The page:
Results: Our results identified 17 common released proteins by EAT, after isoproterenol treatment, from HF patients who suffered AF or developed new-onset AF during follow-up. Mostly, they were involved on inflammatory response and extracellular matrix. One of them was CD5L, a macrophage apoptosis inhibitor. Its secretion by isoproterenol treatment was validated on western blot. The CD5L levels on epicardial fat were also higher in the group of male patients who present or develop AF (0.44 ± 0.05 vs. 0.18 ± 0.15; p < 0.016). However, there were no differences regarding plasma levels.

Conclusion: Our results suggest the role of epicardial fat CD5L as a mediator of AF and its possible paracrine effect by catecholaminergic activity.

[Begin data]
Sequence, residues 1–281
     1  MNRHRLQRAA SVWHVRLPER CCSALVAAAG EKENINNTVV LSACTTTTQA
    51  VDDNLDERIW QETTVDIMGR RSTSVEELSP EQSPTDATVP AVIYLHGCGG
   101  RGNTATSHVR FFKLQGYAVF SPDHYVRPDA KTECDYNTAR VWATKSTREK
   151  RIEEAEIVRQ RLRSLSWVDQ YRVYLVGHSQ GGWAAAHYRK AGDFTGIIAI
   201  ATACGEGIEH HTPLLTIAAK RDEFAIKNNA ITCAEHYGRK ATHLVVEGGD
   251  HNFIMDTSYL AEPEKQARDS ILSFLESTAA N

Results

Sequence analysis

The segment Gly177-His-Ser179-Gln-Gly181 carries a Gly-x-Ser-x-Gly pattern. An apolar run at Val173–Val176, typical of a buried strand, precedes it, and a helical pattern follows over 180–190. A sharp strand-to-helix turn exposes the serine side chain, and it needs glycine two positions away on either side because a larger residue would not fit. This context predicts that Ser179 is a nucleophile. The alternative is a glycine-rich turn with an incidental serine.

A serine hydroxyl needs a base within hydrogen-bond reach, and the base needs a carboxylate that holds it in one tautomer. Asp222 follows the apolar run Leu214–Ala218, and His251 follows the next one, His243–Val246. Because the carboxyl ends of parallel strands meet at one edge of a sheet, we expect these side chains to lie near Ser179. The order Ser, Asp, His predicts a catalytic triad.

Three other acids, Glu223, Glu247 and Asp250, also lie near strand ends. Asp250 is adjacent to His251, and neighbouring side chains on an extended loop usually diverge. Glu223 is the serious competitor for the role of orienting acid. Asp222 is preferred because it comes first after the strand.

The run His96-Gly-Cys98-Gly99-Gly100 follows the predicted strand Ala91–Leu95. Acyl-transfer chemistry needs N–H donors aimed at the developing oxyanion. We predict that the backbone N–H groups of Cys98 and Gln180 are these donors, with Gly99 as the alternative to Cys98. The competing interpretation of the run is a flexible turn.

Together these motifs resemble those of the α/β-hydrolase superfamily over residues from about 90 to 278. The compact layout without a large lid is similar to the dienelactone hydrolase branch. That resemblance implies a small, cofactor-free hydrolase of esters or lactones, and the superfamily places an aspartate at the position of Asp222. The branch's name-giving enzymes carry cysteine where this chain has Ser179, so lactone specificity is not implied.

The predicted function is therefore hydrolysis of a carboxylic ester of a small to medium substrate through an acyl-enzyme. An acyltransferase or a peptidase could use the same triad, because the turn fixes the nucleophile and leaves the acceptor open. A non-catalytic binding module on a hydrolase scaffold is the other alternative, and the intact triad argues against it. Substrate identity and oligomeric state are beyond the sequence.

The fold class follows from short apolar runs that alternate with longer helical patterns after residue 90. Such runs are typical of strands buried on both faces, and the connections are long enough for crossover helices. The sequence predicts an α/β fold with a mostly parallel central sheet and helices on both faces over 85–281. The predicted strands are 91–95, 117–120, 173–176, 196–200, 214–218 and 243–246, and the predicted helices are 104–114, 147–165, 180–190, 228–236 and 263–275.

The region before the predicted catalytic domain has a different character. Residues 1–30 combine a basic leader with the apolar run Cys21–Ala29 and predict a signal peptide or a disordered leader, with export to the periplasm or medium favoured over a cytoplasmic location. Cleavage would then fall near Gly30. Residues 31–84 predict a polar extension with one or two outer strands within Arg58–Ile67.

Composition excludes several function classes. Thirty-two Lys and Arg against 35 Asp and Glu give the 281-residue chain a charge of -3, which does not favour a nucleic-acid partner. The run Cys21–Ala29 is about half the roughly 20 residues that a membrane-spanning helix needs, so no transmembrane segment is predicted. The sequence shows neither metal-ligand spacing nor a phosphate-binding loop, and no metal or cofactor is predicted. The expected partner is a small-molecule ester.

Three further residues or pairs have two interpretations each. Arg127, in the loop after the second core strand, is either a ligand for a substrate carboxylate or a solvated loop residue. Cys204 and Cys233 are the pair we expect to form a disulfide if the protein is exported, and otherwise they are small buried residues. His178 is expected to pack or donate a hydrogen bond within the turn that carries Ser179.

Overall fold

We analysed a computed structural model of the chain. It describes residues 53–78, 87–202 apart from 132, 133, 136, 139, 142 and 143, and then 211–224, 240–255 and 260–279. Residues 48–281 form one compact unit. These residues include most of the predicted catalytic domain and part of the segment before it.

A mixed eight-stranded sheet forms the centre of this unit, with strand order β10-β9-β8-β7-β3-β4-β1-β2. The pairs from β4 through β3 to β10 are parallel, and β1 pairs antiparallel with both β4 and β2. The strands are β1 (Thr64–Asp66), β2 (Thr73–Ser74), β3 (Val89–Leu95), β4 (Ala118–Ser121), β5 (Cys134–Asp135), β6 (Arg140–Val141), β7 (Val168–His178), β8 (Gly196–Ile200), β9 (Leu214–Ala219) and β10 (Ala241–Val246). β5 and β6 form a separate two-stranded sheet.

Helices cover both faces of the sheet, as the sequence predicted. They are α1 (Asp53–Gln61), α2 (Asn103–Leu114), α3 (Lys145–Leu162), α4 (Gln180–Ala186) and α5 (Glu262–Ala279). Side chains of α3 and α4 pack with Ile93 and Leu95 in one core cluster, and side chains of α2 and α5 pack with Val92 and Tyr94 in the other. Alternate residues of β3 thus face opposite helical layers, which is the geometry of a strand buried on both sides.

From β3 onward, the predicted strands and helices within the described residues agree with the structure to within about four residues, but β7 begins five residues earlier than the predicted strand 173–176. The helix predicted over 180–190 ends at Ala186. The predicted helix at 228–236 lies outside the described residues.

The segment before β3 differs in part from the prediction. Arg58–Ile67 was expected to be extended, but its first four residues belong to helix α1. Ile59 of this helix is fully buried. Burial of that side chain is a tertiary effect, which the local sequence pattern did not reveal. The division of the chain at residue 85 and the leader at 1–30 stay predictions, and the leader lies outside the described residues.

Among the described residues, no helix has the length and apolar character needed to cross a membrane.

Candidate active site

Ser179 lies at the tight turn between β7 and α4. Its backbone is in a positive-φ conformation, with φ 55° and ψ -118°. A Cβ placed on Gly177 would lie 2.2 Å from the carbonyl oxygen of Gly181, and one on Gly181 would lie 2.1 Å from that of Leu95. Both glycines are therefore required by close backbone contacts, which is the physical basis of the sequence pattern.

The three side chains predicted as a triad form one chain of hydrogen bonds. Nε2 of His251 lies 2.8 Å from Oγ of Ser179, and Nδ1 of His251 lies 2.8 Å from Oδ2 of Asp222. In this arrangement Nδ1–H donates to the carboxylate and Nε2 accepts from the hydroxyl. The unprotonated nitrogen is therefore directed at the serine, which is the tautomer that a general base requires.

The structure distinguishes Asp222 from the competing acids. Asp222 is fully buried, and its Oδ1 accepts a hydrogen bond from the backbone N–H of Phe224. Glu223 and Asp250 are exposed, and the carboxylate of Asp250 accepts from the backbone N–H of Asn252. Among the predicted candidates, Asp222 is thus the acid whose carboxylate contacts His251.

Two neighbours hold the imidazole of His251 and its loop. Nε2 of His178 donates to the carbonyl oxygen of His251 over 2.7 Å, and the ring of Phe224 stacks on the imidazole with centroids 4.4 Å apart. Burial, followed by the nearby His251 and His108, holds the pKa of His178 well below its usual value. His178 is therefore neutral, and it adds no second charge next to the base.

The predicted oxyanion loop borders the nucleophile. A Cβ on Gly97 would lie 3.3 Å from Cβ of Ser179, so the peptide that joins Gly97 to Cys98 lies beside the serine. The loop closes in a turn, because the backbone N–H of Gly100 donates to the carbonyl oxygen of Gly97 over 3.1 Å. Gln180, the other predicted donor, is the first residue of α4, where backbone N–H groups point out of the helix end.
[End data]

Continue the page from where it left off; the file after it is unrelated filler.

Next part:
The prevalence rates of atrial fibrillation (AF) and heart failure (HF) are growing in parallel because they share the same associated risk factors (obesity, Kenchaiah et al., 2002; Filardo et al., 2009, and aging, Fernandes-Silva et al., 2018). Nowadays, epicardial and pericardial adipose tissues play a central role in the development of both disorders (Thanassoulis et al., 2010; Shin et al., 2011). Epicardial adipose tissue (EAT) is localized around the heart and exerts a direct effect over the myocardium (Venteclef et al., 2015) and coronary arteries (Furuhashi et al., 2016). In addition, in patients with HF, this fat tissue encloses β-adrenergic receptors (Fandiño-Vaquero et al., 2014) and exhibits higher catecholaminergic activity than subcutaneous adipose tissue (SAT) (Parisi et al., 2016). Adrenergic activity promotes contractility and cardiotoxicity through reactive oxygen species production, which are involved in HF progression (Triposkiadis et al., 2009). Thus, the appearance of AF is common in these patients (Workman, 2010) and a consequent cause of HF progression. In adipose tissue, catecholamines upregulate lipolysis (Davies et al., 1982) and protein secretion (Fandiño-Vaquero et al., 2014). Some of the secreted proteins by epicardial fat are involved in fibrosis (Venteclef et al., 2015), which is considered an arrhythmogenic substrate (Platonov, 2017). Since high levels of preoperative catecholamines are associated with postoperative AF (Anderson et al., 2017), we wanted to identify epicardial fat predictors and mediators of AF, regulated by catecholamines, in patients with HF.